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G. Bowler, P. Chapman, A. Tarn, W. Ayliffe; Composition Analysis of Deep Corneal Plaques Secondary to High Phosphate Drops. Invest. Ophthalmol. Vis. Sci. 2009;50(13):907.
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To analyse plaques from patients previously intensively treated with high PO4 drops in the presence of persistent epithelial defects.
Patients presenting acutely with ulcerated plaques were seen, and consented for plaque removal under sterile conditions. Plaques were mounted on dry glass slides, packaged in an airtight plastic box and sent for Fourier transform infrared spectrophotometry (Nicolet and JASCO).
9 patients with deep calcific deposition have been reviewed regularly. On 4 occasions a total of 3 patients presented with ulceration and pain necessitating therapeutic plaque removal. These 4 plaques were subsequently sent for analysis. A further 7 cases of non-ulcerating deep corneal plaques have been left in situ and will be analysed as and when removal is therapeutically expedient.Plaque 1, patient treated with 25 days of timolol 0.5% PF bd (MSD) and prednisolone phosphate PF (Chauvin) qds, was found to contain >95% Ca2PO4.Plaque 2, patient treated with prednisolone 0.5% PF drops bd (Chauvin), timolol 0.5% PF (MSD) bd, ofloxacin 0.3% (Allergan) qds, and cefuroxime 5% (Moorfield’s) qds, was found to contain 78% Ca2PO4.Plaques 3 and 4, insufficient quantity received for FTIR analysis.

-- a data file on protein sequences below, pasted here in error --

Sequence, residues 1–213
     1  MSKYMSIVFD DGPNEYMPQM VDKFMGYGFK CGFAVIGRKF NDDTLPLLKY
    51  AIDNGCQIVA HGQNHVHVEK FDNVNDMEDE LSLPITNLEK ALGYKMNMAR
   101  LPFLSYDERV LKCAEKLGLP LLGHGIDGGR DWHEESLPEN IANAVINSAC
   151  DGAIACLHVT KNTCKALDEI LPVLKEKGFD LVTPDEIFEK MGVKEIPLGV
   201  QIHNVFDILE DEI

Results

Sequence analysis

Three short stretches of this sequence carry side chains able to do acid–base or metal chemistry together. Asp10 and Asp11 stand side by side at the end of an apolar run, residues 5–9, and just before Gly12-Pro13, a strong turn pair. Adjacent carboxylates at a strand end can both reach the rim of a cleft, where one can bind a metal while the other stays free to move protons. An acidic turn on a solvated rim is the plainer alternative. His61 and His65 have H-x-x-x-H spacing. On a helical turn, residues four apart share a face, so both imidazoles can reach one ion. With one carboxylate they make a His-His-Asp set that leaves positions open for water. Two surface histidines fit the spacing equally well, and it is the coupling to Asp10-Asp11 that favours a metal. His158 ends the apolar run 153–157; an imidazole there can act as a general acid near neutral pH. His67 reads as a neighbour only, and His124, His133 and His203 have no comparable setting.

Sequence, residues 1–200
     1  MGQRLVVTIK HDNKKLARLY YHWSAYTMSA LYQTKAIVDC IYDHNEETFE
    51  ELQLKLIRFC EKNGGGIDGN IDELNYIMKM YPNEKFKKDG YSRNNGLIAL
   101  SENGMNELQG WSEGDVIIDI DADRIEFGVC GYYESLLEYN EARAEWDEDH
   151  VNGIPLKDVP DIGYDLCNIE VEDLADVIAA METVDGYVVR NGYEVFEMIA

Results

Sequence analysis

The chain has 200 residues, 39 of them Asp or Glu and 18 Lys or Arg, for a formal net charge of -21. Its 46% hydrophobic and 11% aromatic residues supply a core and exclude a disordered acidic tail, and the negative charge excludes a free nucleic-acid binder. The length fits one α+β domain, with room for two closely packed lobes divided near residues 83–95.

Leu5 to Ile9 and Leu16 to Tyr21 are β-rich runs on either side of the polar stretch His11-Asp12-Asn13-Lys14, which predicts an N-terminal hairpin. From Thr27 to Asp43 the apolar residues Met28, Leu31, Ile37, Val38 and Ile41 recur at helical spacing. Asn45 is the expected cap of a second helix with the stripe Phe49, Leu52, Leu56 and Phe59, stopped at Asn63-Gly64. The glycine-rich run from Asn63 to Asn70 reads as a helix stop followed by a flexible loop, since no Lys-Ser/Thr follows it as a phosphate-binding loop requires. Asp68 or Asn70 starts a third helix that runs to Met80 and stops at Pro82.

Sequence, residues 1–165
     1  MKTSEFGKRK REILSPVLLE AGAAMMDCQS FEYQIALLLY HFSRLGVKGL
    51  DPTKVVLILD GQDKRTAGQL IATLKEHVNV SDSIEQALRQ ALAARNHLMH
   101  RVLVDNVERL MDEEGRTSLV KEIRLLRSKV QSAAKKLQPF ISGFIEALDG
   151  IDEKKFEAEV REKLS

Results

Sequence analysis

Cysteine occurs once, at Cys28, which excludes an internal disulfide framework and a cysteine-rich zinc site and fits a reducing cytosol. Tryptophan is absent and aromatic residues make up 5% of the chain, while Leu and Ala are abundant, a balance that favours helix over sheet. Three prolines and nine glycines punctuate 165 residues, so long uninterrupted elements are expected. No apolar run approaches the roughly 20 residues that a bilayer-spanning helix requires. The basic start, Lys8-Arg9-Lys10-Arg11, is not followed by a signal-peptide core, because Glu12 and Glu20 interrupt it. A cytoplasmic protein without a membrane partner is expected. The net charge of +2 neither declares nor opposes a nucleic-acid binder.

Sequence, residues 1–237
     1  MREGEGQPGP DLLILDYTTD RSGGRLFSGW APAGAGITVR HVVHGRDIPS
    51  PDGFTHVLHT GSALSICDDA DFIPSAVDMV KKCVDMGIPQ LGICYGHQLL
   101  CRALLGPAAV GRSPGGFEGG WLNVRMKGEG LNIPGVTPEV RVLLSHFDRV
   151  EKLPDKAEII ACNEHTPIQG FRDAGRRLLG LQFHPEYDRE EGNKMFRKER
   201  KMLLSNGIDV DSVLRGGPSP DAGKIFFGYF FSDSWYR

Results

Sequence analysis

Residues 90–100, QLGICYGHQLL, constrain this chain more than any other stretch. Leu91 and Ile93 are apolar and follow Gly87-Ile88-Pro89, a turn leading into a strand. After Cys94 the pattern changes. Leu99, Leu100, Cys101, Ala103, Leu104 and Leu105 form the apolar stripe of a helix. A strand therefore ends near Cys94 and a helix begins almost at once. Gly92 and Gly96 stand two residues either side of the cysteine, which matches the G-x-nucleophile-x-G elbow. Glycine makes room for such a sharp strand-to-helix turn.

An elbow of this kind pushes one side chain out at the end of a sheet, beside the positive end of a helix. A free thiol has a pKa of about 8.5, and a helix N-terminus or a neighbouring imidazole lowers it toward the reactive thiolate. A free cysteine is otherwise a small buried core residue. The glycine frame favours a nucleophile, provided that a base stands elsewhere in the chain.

High levels of Ca2PO4 were found in these analysed plaques. None of these patients had plaques prior to developing an epithelial defect and being exposed to high PO4 drops. PO4 ions are present in eye drops as a buffer, and in the cases of certain medications (e.g. prednisolone and dexamethasone PO4) as a salt. Whilst it would seem sensible to treat patients with persistent epithelial defects with preservative free drops, it may be more important in the initial stages to reduce inflammation using non PO4 containing drops, (e.g. prednisolone acetate) until corneal reepithelialisation. None of the preservative free products described above declare the PO4 buffer content on the packaging in a manner that would alert Pharmacists or Clinicians to the risk of corneal calcification in high risk patients. Furthermore, these products do not contain information on the primary dose form. Corneal calcification is underreported in the literature and the causes are usually not identified. New formulations are required. The Manufacturers and the MHRA have been advised.
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